larly bearing an international lens in mind, was
the assertion that the current Disability Movement
centers people who can achieve rights and access
BOOKSHELF
149© 2017 The Author(s). Published by Informa UK Limited, trading as Taylor & Francis Group
This is an Open Access article distributed under the terms of the Creative Commons Attribution License (http://creativecommons.
org/licenses/by/4.0/), which permits unrestricted use, distribution, and reproduction in any medium, provided the original work
is properly cited.
through a legal or rights-based framework(p. 11)
which the authors contend they know to be not
possible for many disabled people, or appropriate
for all situations(p. 11). It is not a statement
against disability rights, but rather a call not to
stop at disability rights: that we must look at
what comes before and after rights. In disability
organisational work promoted and funded by
international agencies, there are several disability
rights mobilisation and education initiatives. The
entry into force in international law of the Conven-
tion on the Rights of Persons with Disabilities was
greeted with great celebrations and so it should!
However, this text summons us to also question
when rights are not enough.This clearly res-
onates with what I sometimes heard and felt
when working in contexts where disabled and
non-disabled people were living in systems where
rights were abstracts, where mechanisms of access
to rights were physically, nancially and structu-
rally inaccessible. Community members expressed
the need for means of sustaining their livelihood,
caring for their family members, having clean
food and water! Of course, these are or could/
should be considered fundamental rights.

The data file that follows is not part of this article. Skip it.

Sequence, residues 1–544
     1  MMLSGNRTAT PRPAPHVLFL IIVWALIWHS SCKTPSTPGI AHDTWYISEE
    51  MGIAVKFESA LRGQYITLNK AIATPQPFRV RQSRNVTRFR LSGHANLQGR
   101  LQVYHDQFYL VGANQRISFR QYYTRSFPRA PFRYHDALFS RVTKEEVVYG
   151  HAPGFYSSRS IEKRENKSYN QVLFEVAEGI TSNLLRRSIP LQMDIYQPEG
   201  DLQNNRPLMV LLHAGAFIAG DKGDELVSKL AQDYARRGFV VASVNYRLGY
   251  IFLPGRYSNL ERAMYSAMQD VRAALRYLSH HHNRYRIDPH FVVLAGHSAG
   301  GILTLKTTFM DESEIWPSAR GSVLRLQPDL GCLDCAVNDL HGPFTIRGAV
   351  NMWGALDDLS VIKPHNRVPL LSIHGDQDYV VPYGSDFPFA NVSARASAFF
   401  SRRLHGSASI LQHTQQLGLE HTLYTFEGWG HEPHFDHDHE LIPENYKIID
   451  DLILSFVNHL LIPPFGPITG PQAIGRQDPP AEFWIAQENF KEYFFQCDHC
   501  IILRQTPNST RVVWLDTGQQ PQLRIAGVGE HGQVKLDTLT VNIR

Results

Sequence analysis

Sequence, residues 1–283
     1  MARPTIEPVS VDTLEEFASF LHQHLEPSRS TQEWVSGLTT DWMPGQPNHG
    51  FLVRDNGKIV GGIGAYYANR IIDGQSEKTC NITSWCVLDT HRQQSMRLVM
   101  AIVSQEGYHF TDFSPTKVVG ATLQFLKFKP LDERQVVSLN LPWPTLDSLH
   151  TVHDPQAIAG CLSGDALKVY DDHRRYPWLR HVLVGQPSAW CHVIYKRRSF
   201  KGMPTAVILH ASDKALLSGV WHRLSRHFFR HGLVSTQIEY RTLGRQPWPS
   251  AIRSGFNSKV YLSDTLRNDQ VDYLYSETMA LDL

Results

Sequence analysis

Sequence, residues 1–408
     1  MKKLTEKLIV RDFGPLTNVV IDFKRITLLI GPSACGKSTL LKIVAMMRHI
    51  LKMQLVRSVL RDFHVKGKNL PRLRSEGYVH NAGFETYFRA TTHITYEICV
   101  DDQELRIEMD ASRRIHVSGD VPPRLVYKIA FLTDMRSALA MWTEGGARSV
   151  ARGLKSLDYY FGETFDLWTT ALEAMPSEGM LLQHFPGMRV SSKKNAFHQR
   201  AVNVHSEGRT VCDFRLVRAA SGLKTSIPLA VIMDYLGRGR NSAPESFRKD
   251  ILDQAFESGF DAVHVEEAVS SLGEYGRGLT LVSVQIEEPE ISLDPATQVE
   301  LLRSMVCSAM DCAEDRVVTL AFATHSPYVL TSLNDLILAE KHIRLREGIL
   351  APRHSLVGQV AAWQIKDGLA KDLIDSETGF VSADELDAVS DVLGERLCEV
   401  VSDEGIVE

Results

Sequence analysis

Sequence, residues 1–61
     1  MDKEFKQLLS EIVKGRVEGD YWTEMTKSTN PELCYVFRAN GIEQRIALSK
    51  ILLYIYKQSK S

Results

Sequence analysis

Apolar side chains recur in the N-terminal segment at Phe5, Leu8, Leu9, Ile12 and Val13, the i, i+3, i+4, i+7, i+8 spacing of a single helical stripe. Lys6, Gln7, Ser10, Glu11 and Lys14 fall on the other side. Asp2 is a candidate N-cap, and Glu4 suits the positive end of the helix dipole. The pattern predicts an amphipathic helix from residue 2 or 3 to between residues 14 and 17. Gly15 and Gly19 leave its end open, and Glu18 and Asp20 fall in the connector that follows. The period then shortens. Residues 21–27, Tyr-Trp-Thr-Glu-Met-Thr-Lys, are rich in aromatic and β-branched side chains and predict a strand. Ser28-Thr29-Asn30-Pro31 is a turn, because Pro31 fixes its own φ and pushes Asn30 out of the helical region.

Being aware of ones rights remains important,
but Sins Invalids call for a justice framework that
recognises that rights might speak tocertain dis-
abled people more than others, in my interpret-
ation, re-enforces a so called hierarchy of
disability which we see in various disability rights
organisations. Equally worrying, I have witnessed
a politicisation of the disability movement in
many contexts which, at rst glance, may
appear a positive sign of progress towards accep-
tance of disability rights but I have found it has a
sinister side, as disability movements begin to
reproduce the partisanship, elitism, colonialism,
heteropatriarchy and capitalism of the overall pol-
itical system of any given country. As such I nd
that Sins Invalids call to Intersectionality and
Anti-Capitalist Politic as 2 of the 10 principles of
Disability Justice is crucial, timely, and relevant
beyond the USA and North America.
The sections of the text offering access sugges-
tions for public events and organising are those
sections where I feel that Sins Invalids North
American context shines through, perhaps to the
detriment of its relevance internationally. I
acknowledge and appreciate that they have articu-
lated that accessibility is an evolving process and
that exibility, adaptability and good listening
are key. However, in low- and middle-income
countries I wonder if some of the suggestions
may seem so far removed from peoples context
and resource scope that all efforts to be accessible
may be abandoned, thinking that they will never
manage to be fully accessible anyway. I also won-
der how accessible the text is to communities
where heteropatriarchy is taken entirely for
granted and, in some contexts, is even legislated.
I am left wondering who will put down this text
immediately as it offends their religious/cultural
sensitivities. I do believe that everything must be
questioned and that we cannot shy away from dif-
cult questions. However, a key part of inclusivity
is somehow reaching out to people who do not
espouse our views. In this text Sins Invalid brings
up a host of relevant, timely and potentially trans-
formative principles to disability organising. In its
next text, I look forward to hearing more about
how they propose bringing other people along
for the ride.The concept of Mixed Ability Organis-
ing is explored this time, and I am keen to hear
about how they believe they could engage with
voices and realities from the Global South.
By: Myroslava Tataryn, Ottawa, Canada
http://orcid.org/0000-0002-7710-3177
M Tataryn. Reproductive Health Matters 2017;25(50):149150
150
... Rather, ableism is the misrepresentation of disability; like false representations of gender and race are rooted in racism and sexism. Part of diversity, inclusion, and equity, Berne (2017) observed that "one cannot look at the history of U.S., slavery, the stealing of indigenous lands, and U.S. imperialism without seeing the way that white supremacy leverages ableism to create a subjugated 'other' that is deemed less worthy/abled/smart/capable" (p. 149). ...